Quinn Glass built the plant at the former Ince Power station site near Elton without waiting for approval of a planning application submitted in July 2004.
And ahead of a crunch 16-day public inquiry starting on Tuesday, at which 500 jobs could be on the line, the firm has submitted a list of alterations made during construction.
They include a new staff car park, the enlargement of a loading and lorry parking area and the removal of some landscape planting.
A separate application to Ellesmere Port and Neston Borough Council seeks retrospective permission for a helipad, which will be considered by planners independent of the inquiry.
But the changes have further angered opponents of the scheme.
Scott Rowlands, of Mimosa Close, Elton, said: 'It's disgusting - no normal person would get away with this. Money talks at the end of the day.'
Mr Rowlands claimed HGVs were now using residential roads 'as a racetrack', adding that he also feared pollution from the plant.
Eric Davies, of Redwood Drive, Elton, said: 'I am appalled the development has been allowed to reach the stage it already has without planning permission being given.'
A report by Chester City Council planning officer, Brian Hughes, said many of the changes were 'extremely minor', affecting the external fabric of the buildings.
He admitted the new parking area and enlarged lorry parking and loading zone would bring vehicles closer to houses in Station Road and Ince Orchards, but said acoustic measures would limit the impact.
Mr Hughes told councillors English Nature had raised concerns over the possible harmful effects of the helipad on nesting birds and protected ecological areas.
But he said: 'None of the changes, with the exception of the helipad, are likely to have any harmful impacts. There is no reason why the council should not support these changes at the forthcoming inquiry.'
Councillors agreed to express concern that information supporting the helipad, including a revised environmental statement, did not appear to identify all the potential effects of the development. But the board concluded 'that it does not consider that the changes will have any additional material impacts on the appearance of the development, the character of the area.'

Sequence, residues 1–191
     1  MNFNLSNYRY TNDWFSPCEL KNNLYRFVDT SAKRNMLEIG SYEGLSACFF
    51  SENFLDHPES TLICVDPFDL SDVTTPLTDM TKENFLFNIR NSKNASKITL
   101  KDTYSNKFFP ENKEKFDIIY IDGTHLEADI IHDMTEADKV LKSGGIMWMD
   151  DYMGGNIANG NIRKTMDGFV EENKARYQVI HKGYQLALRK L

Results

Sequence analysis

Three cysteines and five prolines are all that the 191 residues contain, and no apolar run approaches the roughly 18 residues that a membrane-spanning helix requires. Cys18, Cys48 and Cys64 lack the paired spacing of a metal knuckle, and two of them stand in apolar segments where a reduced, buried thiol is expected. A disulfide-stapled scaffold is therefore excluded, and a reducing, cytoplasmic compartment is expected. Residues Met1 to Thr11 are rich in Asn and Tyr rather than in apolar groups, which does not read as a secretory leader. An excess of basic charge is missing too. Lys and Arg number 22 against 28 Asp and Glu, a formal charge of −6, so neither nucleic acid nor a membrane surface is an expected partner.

Quinn Glass declined to comment.
The crucial public inquiry begins at the Queen Hotel, City Road, Chester, on Tuesday.
An evening session has been arranged for residents from 6.30pm on December 8 at Elton Community Centre, School Lane.
Following a challenge by Quinn's rivals, Rockware Glass, a High Court judge last month said the decision to invest millions in building the plant without planning permission, had been a 'very considerable gamble'.
Judge Andrew Gilbart QC also condemned Chester City Council's 'unacceptable and lax' approach before it issued a Pollution Prevention and Control (PPC) Permit for the plant in March, a decision he overturned.
He said chief executive Paul Durham had 'acted outside the scope of his authority' in issuing the permit, which enabled the first of the plant's 600-tonne furnaces to be 'fired up'.
The judge granted Quinn permission to appeal against parts of his ruling and 'stayed' the quashing order pending the outcome of an Appeal Court hearing.